U2's Bono sorry for compulsory 'Songs of Innocence' iTunes download

When Apple and Bono awkwardly announced that U2's "Songs of Innocence" would be a free download for over 500 million iTunes users as well as an exclusive to iTunes for a limited time, it may have sounded like a great marketing idea, at the time. That is until all of those iTunes users were forced to download the album whether they wanted it or not, eventually prompting Apple to publish a page that automatically removes the album from your account.

Now it seems Bono is sorry for the issues it caused, and said as much during a Facebook AMA interview held last night in response to fan questions about the incident:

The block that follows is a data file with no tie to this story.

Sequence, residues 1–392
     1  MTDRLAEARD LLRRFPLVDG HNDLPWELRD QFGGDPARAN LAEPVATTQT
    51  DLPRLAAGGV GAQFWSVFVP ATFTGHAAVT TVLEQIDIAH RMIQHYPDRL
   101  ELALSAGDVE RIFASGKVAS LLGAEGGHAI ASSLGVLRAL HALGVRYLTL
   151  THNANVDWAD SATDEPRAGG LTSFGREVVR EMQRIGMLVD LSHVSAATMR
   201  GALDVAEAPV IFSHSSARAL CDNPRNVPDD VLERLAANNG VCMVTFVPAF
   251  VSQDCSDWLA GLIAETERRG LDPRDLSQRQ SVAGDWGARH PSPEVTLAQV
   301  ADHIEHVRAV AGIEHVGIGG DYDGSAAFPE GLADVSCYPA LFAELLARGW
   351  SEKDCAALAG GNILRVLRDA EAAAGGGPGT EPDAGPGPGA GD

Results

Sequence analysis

Oops. Um. I'm sorry about that. I had this beautiful idea and we got carried away with ourselves.

Artists are prone to that kind of thing. Drop of megalomania, touch of generosity, dash of self-promotion, and deep fear that these songs that we poured our life into over the last few years might not be heard.

There's a lot of noise out there. I guess we got a little noisy ourselves to get through it.

Although Bono admitted that the band got a little "carried away", ultimately for iTunes users it wasn't so much the fact that the album sucked, or that the self promotion got frowned upon, it was the compulsory download onto devices that already in many cases, have limited storage space.

In any case, if you're one of the 81 million users that had the album downloaded automatically, Bono is sorry.

Source & Image: Gizmodo 

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